Commentary: Extending the Learned Helplessness Paradigm: A Critique of Schulman's "Learned Optimism"

Sujan, Harish
January 1999
Journal of Personal Selling & Sales Management;Winter99, Vol. 19 Issue 1, p39
Academic Journal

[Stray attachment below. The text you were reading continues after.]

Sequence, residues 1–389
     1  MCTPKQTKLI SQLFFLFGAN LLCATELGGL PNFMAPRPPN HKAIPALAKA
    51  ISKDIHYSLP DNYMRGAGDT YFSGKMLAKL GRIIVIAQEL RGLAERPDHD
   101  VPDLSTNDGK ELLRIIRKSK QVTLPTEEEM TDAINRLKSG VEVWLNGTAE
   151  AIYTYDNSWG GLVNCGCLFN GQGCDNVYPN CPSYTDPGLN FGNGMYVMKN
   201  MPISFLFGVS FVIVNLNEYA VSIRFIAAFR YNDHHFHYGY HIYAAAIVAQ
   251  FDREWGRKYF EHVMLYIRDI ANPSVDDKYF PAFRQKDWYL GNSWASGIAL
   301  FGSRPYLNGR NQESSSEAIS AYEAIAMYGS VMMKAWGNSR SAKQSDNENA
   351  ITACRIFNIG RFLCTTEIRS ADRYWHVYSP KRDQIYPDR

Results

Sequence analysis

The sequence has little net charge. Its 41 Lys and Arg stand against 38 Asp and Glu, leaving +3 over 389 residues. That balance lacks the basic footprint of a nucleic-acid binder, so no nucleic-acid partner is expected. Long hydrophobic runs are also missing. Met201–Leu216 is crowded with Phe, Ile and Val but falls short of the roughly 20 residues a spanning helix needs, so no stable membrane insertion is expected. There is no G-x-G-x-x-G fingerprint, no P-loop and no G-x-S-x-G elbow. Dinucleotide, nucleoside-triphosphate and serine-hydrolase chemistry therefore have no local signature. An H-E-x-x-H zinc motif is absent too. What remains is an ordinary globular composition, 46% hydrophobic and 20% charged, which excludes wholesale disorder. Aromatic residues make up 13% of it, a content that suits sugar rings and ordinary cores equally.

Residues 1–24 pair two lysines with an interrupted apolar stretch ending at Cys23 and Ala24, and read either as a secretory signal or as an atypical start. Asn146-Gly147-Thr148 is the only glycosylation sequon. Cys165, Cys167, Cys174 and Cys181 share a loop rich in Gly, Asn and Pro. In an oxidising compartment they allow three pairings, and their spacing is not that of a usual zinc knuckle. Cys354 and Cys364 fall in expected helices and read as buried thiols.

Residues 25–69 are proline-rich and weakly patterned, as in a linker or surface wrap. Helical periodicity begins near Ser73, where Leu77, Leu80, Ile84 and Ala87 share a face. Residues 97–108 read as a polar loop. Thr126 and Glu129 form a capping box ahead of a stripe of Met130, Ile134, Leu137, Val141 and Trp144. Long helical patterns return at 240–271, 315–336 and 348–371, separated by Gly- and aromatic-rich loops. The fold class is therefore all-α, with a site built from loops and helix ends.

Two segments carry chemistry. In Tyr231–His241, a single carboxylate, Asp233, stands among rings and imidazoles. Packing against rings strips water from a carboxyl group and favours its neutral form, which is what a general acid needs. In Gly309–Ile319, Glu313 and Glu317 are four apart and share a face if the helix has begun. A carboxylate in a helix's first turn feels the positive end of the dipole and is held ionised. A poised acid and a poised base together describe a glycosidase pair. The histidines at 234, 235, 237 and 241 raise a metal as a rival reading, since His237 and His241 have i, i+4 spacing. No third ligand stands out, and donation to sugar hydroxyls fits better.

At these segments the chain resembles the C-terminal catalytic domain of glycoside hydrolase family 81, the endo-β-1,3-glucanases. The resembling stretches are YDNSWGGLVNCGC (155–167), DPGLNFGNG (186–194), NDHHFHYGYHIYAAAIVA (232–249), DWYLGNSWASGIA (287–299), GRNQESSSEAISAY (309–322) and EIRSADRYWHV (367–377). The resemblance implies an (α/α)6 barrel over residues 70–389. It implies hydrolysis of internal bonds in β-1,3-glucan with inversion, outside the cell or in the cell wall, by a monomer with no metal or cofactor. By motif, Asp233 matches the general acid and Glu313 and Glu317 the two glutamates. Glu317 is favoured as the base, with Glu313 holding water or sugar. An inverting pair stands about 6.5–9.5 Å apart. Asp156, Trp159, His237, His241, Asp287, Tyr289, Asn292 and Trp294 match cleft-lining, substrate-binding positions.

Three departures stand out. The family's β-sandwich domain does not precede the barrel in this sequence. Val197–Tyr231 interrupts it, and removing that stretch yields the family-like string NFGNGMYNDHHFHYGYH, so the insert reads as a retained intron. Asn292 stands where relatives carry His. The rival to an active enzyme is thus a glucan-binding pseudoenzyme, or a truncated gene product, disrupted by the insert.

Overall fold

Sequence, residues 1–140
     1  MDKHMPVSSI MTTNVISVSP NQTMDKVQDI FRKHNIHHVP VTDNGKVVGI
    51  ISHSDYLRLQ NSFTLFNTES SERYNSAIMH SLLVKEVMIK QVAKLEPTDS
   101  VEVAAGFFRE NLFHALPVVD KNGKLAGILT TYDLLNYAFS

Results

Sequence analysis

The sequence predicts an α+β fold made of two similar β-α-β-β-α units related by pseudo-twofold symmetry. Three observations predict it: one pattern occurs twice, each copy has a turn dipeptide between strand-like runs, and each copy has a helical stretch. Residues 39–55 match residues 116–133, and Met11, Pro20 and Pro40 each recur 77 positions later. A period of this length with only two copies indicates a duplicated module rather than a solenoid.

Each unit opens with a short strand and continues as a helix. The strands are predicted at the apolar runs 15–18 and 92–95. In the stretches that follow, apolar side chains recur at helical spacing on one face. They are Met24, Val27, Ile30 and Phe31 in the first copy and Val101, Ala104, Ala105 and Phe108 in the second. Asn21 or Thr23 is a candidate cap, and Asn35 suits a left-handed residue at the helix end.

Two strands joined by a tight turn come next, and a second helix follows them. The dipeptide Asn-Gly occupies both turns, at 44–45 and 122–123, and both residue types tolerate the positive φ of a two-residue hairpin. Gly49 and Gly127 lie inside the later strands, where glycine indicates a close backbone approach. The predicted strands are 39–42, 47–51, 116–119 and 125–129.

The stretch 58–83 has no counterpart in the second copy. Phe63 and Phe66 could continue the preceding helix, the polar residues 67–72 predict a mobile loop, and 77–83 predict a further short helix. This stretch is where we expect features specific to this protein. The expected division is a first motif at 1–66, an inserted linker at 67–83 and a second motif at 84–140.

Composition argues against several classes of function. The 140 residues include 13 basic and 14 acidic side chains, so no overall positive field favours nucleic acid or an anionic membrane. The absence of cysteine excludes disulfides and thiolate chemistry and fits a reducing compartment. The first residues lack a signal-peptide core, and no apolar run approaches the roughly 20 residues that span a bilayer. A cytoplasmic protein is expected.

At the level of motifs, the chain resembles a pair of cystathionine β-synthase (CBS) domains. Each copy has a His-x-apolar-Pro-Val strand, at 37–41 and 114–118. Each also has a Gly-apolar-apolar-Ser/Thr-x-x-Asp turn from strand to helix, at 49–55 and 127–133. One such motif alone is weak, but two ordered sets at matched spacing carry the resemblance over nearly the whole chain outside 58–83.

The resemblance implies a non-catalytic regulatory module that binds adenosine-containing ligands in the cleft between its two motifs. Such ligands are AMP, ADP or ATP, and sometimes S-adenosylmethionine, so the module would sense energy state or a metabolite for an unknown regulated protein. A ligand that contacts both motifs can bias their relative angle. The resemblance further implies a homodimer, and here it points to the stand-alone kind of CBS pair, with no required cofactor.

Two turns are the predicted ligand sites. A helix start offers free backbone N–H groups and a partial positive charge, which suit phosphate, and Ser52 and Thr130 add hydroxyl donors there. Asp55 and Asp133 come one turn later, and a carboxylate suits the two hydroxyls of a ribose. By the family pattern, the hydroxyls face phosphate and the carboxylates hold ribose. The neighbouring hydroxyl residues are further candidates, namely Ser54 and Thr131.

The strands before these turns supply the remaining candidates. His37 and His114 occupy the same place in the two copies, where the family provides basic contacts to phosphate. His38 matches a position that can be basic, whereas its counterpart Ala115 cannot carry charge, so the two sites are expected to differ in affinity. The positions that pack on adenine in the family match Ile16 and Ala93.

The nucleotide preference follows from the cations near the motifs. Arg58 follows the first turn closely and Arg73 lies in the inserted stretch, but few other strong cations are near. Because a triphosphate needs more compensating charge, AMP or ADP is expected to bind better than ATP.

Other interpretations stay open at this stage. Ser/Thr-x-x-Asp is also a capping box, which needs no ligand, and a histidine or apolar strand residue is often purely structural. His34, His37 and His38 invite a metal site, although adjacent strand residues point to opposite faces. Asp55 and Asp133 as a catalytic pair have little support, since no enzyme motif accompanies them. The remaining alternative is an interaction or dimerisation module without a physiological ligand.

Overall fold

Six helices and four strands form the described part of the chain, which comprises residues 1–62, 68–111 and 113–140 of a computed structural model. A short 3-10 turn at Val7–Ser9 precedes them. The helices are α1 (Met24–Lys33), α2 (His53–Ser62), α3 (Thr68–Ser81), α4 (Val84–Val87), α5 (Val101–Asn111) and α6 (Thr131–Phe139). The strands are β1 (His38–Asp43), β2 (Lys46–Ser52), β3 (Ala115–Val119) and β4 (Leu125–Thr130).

The learned optimism paradigm, described by Schulman (earlier in this volume), suggests that teaching salespeople to dispute internal, stable or global attributions for their failures improves their expectancy for success, and consequently helps performance and reduces turnover. In parallel, teaching salespeople to dispute external, unstable or specific attributions for their successes improves salespeople's expectations and performance and alleviates turnover. Acknowledging the enormous practical value of this paradigm, I suggest improvements. Specifically, that locus of causality (internal versus external) need not be disputed, that disputing the stable nature of attributions is more effective than disputing the global nature of attributions, and that emotional therapy can, quite powerfully, supplement attribution therapy in improving salespeople's performance and happiness and reducing their turnover.


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